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Susan DeFreitas has never been able to choose between fantasy and reality, so she lives and writes in both. Born and raised in rural west Michigan, she spent fourteen years in the high country of Arizona before moving to Portland, Oregon, where she has lived since 2009. An author, editor, and educator, her work has been featured in over 30 magazines, journals, and anthologies. She enjoys mysterious books, big trees, strange weather, thinking machines, and sketchy characters.
An author, editor, and educator, Susan DeFreitas’s fiction, nonfiction, and poetry has appeared in the Utne Reader, The Nervous Breakdown, Story Magazine, Southwestern American Literature, and Weber—The Contemporary West, along with more than twenty other journals and anthologies. She is the author of the novel Hot Season (Harvard Square Editions, 2016) and the chapbook Pyrophitic (ELJ Publications, 2014). In 2014, her work was nominated for a Best of the Net award.
A graduate of Prescott College, DeFreitas has a background in marketing and publicity for green businesses, and from 2009 to 2012, she covered green technology for Earthtechling. Her creative work reflects on and incorporates themes related to the environment, sustainability, and the natural world.
As an editor with Indigo Editing & Publications, DeFreitas has worked with over 100 authors and publishers; as an educator, she has presented nearly 50 workshops and classes for adults and kids through the the Attic Institute, Willamette Writers Conference, and the Walters Community Arts Center, among other organizations. She holds an MFA from Pacific University and lives in Portland, Oregon, with her husband.
My father was born in Guyana, which is a country on the north coast of South America; my mother was born in a small town near the coast of Lake Michigan. They met on the island of Tortola, in the British Virgin Islands, where they both worked on sailing ships. I was born in Hart, Michigan, the town where my mother grew up, where my parents moved to after they married. When they divorced, my father returned to the sea, and after that, I spent the school year at home with my mom and many of my vacations in the Caribbean with my dad.
When you are a traveler, you become a storyteller, always telling stories about the places that you’ve been, the other places that you’ve known. And elderly immigrants like my paternal grandparents, who moved to the US in the early eighties, are the ultimate storytellers, as far as I’m concerned–because as time moves on, stories are the only places where their homeland still exists.
I too was a traveler, growing up, surrounded by their stories, as well as the stories of my maternal grandmother, who owned an old farmhouse outside of Hart full of the antiques she collected. The connection I had with my grandmothers as a child has had a profound influence on me both as a person and a writer.
Though I was the third generation on my mom’s side in West Michigan, I never quite felt like I fit in—in part because my dad was from a country no one could pronounce, let alone find on a map. But the older I get, the more I see that growing up the way I did, with the same hundred people from kindergarten to graduation, in a little town that always feels like it’s thirty years behind the rest of the world, is a very special thing, and my love for the Upper Midwest and its people is reflected in many of my short stories.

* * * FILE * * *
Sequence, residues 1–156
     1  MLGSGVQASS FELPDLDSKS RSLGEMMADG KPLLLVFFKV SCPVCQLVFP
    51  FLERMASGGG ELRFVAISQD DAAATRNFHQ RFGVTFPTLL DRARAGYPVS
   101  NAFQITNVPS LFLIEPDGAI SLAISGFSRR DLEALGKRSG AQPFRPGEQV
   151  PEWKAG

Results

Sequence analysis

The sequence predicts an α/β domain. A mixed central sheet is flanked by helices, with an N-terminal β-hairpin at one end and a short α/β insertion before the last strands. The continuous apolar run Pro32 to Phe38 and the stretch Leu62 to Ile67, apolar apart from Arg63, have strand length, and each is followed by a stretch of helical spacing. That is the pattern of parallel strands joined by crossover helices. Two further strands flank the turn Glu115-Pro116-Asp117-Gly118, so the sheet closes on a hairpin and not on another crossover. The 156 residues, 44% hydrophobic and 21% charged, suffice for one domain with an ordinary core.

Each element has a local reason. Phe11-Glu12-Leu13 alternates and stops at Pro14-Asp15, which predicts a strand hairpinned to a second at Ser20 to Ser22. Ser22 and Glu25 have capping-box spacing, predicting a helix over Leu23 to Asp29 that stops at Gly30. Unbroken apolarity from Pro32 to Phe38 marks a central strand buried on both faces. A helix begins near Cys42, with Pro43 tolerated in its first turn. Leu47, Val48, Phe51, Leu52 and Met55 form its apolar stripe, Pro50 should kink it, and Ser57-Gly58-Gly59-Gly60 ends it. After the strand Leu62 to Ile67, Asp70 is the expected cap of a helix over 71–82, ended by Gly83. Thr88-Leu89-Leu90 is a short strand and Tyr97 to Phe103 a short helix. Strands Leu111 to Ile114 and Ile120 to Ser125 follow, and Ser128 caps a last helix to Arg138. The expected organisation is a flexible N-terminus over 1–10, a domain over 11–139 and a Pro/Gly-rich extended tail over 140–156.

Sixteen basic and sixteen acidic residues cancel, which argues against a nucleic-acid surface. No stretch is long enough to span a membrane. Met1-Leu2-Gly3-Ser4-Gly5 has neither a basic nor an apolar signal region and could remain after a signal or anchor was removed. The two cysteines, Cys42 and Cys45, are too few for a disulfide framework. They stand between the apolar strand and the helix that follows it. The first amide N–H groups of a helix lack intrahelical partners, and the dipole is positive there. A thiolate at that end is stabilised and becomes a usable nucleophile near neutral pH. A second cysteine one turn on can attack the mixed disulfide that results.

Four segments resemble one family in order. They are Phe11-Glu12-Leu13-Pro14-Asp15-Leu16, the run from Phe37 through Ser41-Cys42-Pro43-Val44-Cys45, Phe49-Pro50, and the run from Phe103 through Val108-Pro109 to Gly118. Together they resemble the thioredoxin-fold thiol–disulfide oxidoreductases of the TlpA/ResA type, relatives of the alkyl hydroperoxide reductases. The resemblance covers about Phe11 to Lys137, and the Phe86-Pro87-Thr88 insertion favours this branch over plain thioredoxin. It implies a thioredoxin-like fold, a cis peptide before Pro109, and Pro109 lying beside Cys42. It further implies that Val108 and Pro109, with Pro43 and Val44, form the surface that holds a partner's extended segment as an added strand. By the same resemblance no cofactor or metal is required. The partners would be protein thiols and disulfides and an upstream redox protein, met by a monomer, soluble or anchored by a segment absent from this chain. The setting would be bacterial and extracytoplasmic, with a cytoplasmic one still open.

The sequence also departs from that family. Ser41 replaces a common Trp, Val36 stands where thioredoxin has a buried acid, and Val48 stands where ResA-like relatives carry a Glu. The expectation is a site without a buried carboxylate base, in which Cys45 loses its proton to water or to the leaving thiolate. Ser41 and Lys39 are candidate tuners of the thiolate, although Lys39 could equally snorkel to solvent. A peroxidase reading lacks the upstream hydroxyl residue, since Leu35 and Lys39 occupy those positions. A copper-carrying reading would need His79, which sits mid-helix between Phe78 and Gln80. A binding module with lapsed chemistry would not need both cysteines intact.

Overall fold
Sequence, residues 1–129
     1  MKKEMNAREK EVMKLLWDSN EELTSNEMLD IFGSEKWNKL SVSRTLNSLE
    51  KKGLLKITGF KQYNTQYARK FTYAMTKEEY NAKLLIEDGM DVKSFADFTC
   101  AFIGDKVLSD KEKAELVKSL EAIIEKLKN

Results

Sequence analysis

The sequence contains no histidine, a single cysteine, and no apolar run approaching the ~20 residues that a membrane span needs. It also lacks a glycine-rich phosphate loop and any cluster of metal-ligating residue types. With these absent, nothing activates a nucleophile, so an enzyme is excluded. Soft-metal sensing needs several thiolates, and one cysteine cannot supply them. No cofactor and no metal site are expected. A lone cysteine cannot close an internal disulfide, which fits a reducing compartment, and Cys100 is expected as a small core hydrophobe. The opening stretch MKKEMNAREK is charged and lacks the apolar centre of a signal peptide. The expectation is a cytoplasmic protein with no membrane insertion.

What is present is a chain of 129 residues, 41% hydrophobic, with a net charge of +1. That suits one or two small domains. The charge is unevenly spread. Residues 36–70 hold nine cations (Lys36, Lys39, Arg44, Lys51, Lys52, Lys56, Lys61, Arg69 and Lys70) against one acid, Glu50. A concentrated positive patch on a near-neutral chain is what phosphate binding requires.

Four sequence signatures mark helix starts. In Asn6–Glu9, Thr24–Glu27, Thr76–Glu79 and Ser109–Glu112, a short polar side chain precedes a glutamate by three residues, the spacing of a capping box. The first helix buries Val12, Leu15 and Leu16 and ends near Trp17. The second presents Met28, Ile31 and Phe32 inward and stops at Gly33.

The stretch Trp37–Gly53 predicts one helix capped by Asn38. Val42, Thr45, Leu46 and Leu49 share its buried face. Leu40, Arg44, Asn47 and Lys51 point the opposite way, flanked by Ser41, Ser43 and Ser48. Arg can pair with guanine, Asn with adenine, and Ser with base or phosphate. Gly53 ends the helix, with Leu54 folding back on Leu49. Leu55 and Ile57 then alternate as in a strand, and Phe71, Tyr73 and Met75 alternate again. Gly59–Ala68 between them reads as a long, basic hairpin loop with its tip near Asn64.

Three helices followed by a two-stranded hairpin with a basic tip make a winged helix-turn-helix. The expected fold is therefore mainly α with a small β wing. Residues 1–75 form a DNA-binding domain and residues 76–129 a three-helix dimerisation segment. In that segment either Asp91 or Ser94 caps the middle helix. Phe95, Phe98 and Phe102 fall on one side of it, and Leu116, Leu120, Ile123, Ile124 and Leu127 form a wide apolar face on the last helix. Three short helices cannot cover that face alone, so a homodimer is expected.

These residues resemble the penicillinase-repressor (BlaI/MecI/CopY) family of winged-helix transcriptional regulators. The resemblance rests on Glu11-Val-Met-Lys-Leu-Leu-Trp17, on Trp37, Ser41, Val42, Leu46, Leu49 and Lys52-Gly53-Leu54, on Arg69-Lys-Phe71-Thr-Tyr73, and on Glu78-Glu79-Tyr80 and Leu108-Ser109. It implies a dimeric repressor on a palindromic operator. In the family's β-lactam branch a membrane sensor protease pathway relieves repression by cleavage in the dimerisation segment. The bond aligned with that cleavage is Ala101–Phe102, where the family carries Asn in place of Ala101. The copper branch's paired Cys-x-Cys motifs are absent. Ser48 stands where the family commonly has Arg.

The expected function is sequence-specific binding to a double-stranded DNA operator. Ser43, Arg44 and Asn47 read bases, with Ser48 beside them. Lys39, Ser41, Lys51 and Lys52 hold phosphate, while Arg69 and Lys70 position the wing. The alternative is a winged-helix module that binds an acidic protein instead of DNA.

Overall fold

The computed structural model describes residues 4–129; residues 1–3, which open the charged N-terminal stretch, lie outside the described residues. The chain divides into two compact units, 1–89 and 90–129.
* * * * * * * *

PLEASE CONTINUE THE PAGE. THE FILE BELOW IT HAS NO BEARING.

While I didn’t always fit in at school, I grew up in an alternative community that always made me feel at home. The first generation in our community consists of baby boomers who went back to the land in the 1970s and formed a natural foods co-op—according to some, because my mother placed an ad in Mother Earth News. These folks are like aunts and uncles to me, and the kids I grew up with are like my cousins. They’re the reason you’ll find all sorts of alternative communities in my stories, full of dreamers and makers and builders and wild children making forts in the woods.
Later in life, I found other tribes—first at the Interlochen Arts Academy, where I studied creative writing, and later at Prescott College in Arizona, where I moved for undergrad. Both of them are very special, very weird schools, and I’m immensely grateful to the mentors and classmates I found there (among them Jack Driscoll, K.L. Cook, and Melanie Bishop).
When I moved to the Southwest for college, I fell in love with the Arizona high country—the moods of the land, the seasons, the mountains, the history, the people—and to this day, this part of the world remains one of the strongest influences on my fiction. This was also the place where, in the late nineties, I met and joined a group of circus performers, with whom I traveled the country on a gypsy school bus and saw many unlikely things.
Naturally, the only thing I could do with any of this was to write stories.
Currently, I make my home in Portland, Oregon–a land of dark, misty forests, ironic tattoos, and facial hair, a place both Gothic and campy, spooky and playful, full of phenomenal writers. I’ve found a great inspiration here and, in the last few years, rediscovered my love for all things weird and uncanny.
All of these things influence my creative work, which continues to evolve–chiefly focusing on fiction, but incorporating nonfiction and poetry as well. My chief values as a professional include literary citizenship and community; fandom as the foundation of the creative life; curiosity and pleasure as the foundation of creative work; and the responsibility of the artist to grapple with the significant moral and ethical issues of the day.
I prefer big talk to small talk, and I welcome your thoughts and questions on my life and work.